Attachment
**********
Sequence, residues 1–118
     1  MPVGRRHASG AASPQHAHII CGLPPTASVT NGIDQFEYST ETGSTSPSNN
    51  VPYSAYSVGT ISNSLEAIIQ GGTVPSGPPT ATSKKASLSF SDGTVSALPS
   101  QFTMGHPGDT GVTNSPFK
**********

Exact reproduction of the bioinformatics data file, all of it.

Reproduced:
Sequence, residues 1–118
     1  MPVGRRHASG AASPQHAHII CGLPPTASVT NGIDQFEYST ETGSTSPSNN
    51  VPYSAYSVGT ISNSLEAIIQ GGTVPSGPPT ATSKKASLSF SDGTVSALPS
   101  QFTMGHPGDT GVTNSPFK